Event time:

Tuesday, January 19, 2021 - 10:00am to 11:00am

Audience:

Postdoctoral Associates

Location:

Zoom

Event description:

**Can nonlinear parametric oscillators solve the Ising model?**

Coupled parametric oscillators were recently employed as simulators of artificial Ising networks, with the potential to solve computationally hard minimization problems. Since a single-mode parametric oscillator represents an analog of a classical Ising spin, networks of coupled parametric oscillators are considered as simulators of Ising spin models, aiming to efficiently calculate the ground state of an Ising network - a computationally hard problem. In these networks, known as coherent Ising machines, the model to be solved is encoded in the dissipative coupling between the oscillators, and a solution is offered by the steady state of the network. This approach relies on the assumption that mode competition steers the network to the ground-state solution. We challenge that assumption and consider cases where the dynamics of coupled parametric oscillators transcend the Ising description.

We start by looking at the simplest network – two coupled parametric oscillators, and find a new dynamical regime, where the oscillators never reach a steady state, but show persistent, full-scale, coherent beats, whose frequency reflects the coupling properties and strength. We present a detailed theoretical and experimental study and show that this new dynamical regime appears over a wide range of parameters near the oscillation threshold and depends on the nature of the coupling (dissipative or energy preserving). In particular, when the energy-preserving coupling is dominant, the system displays everlasting coherent beats. We also demonstrate a new regime, where a pair of coupled multimode parametric oscillators can generate bright and broadband parametric oscillation on a single quadrature, that exhibits high second-order coherence as pairs, but no first order coherence between different modes.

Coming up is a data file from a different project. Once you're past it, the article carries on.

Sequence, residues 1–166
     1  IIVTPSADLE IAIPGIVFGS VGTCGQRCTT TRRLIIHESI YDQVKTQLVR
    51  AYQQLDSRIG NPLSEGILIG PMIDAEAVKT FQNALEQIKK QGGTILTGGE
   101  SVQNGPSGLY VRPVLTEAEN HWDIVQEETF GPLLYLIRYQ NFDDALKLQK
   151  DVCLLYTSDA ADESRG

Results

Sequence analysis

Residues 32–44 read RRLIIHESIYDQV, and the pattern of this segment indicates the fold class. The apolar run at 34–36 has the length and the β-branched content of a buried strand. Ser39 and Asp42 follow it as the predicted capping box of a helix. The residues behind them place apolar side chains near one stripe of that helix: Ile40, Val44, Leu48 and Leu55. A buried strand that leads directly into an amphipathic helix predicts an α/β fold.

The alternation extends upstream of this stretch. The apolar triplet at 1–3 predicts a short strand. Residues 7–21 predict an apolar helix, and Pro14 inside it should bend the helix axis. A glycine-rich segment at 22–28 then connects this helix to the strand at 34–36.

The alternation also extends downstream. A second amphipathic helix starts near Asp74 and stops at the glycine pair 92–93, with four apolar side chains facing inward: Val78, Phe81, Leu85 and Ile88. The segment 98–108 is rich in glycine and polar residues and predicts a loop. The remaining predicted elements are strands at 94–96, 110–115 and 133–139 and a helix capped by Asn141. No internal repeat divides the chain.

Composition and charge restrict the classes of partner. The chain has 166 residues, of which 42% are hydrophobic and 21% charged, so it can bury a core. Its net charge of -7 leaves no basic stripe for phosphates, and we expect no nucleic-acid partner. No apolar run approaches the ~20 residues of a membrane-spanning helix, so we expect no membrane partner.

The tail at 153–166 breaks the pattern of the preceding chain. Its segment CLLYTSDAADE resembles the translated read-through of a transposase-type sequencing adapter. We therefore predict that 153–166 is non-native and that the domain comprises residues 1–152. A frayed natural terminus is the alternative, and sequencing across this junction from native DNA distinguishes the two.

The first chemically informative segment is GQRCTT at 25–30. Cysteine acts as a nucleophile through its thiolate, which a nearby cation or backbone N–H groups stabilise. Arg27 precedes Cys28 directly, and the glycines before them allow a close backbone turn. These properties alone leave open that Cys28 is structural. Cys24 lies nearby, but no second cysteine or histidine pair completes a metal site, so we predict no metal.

We then continue to explore the coherent dynamics in a small network of three coupled parametric oscillators and demonstrate the effect of frustration on the persistent beating between them. We theoretically analyze the dynamics and corroborate our theoretical findings by a numerical simulation that closely mimics the dynamics of the system in an actual experiment. Our main finding is that frustration drastically modifies the dynamics. While in the absence of frustration the system is analogous to the two-oscillator case, frustration reverses the role of the coupling completely, and beats are found for small energy-preserving couplings.

Finally, we study large networks of parametric oscillators as heuristic solvers of random Ising models. By considering a broad family of frustrated Ising models, we instead show that the most efficient mode generically does not correspond to the ground state of the Ising model. We infer that networks of parametric oscillators close to threshold are intrinsically not Ising solvers. Nevertheless, the network can find the correct solution if the oscillators are driven sufficiently above threshold, in a regime where nonlinearities play a predominant role. We find that for all probed instances of the model, the network converges to the ground state of the Ising model with a finite probability.

Zoom link (Requires Yale CAS): https://yale.zoom.us/j/94244387054